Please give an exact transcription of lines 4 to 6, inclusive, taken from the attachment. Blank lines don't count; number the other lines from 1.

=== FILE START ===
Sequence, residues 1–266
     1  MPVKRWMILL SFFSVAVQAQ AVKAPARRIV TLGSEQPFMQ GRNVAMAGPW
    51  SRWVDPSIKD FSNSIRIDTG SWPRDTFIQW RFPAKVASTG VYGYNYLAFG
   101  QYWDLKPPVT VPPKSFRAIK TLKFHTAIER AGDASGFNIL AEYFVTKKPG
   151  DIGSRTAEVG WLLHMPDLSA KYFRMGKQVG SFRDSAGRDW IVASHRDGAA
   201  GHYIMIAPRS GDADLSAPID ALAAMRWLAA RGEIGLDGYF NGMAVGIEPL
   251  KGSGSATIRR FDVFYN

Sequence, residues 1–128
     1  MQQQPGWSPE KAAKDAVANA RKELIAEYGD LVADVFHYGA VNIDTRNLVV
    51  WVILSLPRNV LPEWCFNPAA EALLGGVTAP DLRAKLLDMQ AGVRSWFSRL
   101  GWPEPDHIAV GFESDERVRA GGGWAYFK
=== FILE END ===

   101  QYWDLKPPVT VPPKSFRAIK TLKFHTAIER AGDASGFNIL AEYFVTKKPG
   151  DIGSRTAEVG WLLHMPDLSA KYFRMGKQVG SFRDSAGRDW IVASHRDGAA
   201  GHYIMIAPRS GDADLSAPID ALAAMRWLAA RGEIGLDGYF NGMAVGIEPL